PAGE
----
We’ve all had it happen to us: You’ve got about 20 tabs open in your internet browser, and one of them begins to play the sound of an obnoxious video.
The new Windows 10 Insider Preview Build brings a number of helpful fixes, including the ability to mute individual tabs in Microsoft Edge, as well as something called “Near Share.” As detailed in the official Windows Blog, Build 17035 also makes a long list of tweaks to things like settings, keyboards, and the Start menu.
With the rising profile of video content on the web, it’s more important than ever to have the ability to mute particular tabs in your browser. To perform the function, just right click on the problem tab (hint: it’s probably the one with a volume symbol next to the title). From there, just skip down to Mute tab and give it a click. It’s a feature that’s been in Safari and Chrome for a while, so it’s good to see Microsoft bring it to Edge.
The other (somewhat) significant update to Windows 10 is the aforementioned “Near Share.” This one is a bit more complicated — and will only work if both your computer and the computer your sharing with have Bluetooth support (of course, both computers will also need to have the newest build installed). Near Share is essentially a new “quick action” that lets you quickly share something on your screen with another person without having to exit out of the application.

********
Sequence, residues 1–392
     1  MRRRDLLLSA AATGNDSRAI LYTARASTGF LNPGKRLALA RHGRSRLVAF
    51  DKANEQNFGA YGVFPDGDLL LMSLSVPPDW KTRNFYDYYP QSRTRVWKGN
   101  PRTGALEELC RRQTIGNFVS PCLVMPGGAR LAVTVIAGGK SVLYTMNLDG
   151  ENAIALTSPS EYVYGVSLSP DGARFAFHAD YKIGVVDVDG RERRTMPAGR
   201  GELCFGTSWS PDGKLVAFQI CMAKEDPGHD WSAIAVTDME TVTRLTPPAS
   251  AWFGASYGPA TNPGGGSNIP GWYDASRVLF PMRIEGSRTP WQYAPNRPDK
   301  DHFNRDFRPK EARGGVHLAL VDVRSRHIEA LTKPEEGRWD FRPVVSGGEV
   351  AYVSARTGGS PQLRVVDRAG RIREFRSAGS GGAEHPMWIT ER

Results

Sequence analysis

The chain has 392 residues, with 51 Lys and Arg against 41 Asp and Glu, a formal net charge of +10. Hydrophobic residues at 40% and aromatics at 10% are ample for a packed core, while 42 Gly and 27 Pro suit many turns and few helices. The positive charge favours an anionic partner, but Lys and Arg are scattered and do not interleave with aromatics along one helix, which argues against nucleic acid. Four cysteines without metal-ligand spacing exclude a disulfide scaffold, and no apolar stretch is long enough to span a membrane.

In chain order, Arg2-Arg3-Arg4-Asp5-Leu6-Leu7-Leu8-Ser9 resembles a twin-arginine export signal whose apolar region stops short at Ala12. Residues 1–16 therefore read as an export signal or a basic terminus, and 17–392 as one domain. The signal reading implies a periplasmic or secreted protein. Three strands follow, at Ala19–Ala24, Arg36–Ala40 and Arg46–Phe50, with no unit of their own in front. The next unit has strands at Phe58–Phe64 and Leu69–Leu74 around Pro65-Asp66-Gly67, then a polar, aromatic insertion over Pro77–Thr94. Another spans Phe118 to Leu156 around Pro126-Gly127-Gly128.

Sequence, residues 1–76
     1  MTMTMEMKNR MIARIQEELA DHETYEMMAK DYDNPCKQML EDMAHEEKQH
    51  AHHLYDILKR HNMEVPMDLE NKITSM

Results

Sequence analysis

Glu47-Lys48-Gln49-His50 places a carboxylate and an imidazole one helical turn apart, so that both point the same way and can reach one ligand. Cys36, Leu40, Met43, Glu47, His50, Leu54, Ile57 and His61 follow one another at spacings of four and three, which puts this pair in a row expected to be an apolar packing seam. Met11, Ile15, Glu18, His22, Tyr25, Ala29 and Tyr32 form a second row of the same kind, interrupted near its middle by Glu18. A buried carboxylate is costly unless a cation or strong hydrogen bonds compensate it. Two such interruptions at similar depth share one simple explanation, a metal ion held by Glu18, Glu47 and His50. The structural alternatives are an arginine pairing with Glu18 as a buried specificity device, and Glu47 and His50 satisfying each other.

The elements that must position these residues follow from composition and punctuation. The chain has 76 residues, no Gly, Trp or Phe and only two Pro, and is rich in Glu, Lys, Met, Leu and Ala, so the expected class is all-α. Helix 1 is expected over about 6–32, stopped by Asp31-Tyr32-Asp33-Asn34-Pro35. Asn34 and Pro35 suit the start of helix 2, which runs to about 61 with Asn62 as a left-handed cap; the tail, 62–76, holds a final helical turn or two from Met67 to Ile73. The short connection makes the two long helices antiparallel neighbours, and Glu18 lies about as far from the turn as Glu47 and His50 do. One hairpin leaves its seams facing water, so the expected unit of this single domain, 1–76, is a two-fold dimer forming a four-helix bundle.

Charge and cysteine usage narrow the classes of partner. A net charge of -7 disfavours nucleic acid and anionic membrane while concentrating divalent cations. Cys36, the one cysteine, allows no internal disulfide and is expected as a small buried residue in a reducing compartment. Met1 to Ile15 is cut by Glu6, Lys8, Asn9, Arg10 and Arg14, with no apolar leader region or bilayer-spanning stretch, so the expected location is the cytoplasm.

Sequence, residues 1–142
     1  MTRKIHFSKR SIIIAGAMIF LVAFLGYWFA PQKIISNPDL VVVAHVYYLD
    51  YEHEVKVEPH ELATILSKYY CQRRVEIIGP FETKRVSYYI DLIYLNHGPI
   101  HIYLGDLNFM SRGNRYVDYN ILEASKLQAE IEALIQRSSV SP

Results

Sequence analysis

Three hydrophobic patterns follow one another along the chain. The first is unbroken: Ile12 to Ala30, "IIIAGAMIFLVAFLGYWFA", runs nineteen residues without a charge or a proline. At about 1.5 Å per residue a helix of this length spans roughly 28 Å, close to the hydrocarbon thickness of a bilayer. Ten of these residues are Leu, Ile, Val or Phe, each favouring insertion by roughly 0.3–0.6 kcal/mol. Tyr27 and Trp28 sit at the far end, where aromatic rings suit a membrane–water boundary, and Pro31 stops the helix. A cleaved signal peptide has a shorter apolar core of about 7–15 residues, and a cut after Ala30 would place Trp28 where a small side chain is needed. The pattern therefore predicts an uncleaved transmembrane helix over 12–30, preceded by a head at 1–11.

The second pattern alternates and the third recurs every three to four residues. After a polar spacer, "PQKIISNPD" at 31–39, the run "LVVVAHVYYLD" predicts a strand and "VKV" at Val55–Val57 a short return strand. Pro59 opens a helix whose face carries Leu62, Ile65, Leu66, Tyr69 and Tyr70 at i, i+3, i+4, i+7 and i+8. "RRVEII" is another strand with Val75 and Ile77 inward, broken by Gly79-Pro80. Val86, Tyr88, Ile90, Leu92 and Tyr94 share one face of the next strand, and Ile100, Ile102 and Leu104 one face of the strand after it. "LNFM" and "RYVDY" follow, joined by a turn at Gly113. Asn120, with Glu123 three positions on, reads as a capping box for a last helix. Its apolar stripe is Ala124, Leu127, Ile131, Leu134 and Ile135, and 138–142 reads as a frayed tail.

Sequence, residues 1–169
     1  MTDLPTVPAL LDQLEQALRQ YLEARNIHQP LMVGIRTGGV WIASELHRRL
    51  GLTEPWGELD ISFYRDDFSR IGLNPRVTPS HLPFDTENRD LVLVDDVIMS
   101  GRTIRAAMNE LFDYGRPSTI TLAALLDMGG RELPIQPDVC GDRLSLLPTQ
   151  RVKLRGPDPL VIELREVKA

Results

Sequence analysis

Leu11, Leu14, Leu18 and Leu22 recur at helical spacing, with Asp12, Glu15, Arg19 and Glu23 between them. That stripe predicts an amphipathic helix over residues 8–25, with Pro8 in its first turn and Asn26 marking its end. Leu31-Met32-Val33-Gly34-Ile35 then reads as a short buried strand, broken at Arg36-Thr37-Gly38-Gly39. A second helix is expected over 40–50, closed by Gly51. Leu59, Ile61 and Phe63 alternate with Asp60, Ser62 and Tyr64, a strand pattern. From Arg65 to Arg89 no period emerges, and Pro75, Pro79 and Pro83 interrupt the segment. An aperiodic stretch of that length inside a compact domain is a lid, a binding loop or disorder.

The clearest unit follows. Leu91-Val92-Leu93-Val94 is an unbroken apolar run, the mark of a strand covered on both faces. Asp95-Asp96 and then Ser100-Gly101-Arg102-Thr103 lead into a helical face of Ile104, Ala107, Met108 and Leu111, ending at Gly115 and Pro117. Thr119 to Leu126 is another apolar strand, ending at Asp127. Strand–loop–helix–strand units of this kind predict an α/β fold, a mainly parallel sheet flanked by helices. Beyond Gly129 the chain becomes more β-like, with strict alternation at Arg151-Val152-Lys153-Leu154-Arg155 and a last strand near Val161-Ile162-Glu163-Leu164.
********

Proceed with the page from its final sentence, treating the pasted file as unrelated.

To use it, you’ve got to first have the quick actions setting turned on — it can be found in Notifications & Actions in the Settings menu. From there, you’ll find the Share icon in a number of first-party Microsoft apps, including Edge, Photos, and File Explorer.
Other small tweaks worth mentioning include an update to typing in Japanese, the addition of text suggestion on hardware keyboards, and Sound setting getting moved from Control Panel to the new Settings menu.
Windows 10 gets two big updates each year: the Creators Update in the spring and Fall Creators Update in the fall. The Fall Creators Update from the this past fall included a shift in design called the “Fluent Design System,” as well as updates to how your smartphone relates to your Windows PC. But in between the big releases, we get sneak peeks into what Microsoft is doing in the form of Inside Preview Builds, such as the one described above. Although anyone can become an “Insider,” this is beta software that comes with its own risks at installation.
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